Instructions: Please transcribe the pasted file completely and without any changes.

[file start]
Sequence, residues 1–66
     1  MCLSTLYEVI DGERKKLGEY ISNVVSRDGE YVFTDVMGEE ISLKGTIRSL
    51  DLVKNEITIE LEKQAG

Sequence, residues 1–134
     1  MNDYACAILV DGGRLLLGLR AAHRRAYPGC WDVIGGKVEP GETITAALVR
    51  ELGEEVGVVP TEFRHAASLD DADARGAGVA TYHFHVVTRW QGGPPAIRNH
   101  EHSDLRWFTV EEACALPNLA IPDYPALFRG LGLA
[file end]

Sequence, residues 1–66
     1  MCLSTLYEVI DGERKKLGEY ISNVVSRDGE YVFTDVMGEE ISLKGTIRSL
    51  DLVKNEITIE LEKQAG

Sequence, residues 1–134
     1  MNDYACAILV DGGRLLLGLR AAHRRAYPGC WDVIGGKVEP GETITAALVR
    51  ELGEEVGVVP TEFRHAASLD DADARGAGVA TYHFHVVTRW QGGPPAIRNH
   101  EHSDLRWFTV EEACALPNLA IPDYPALFRG LGLA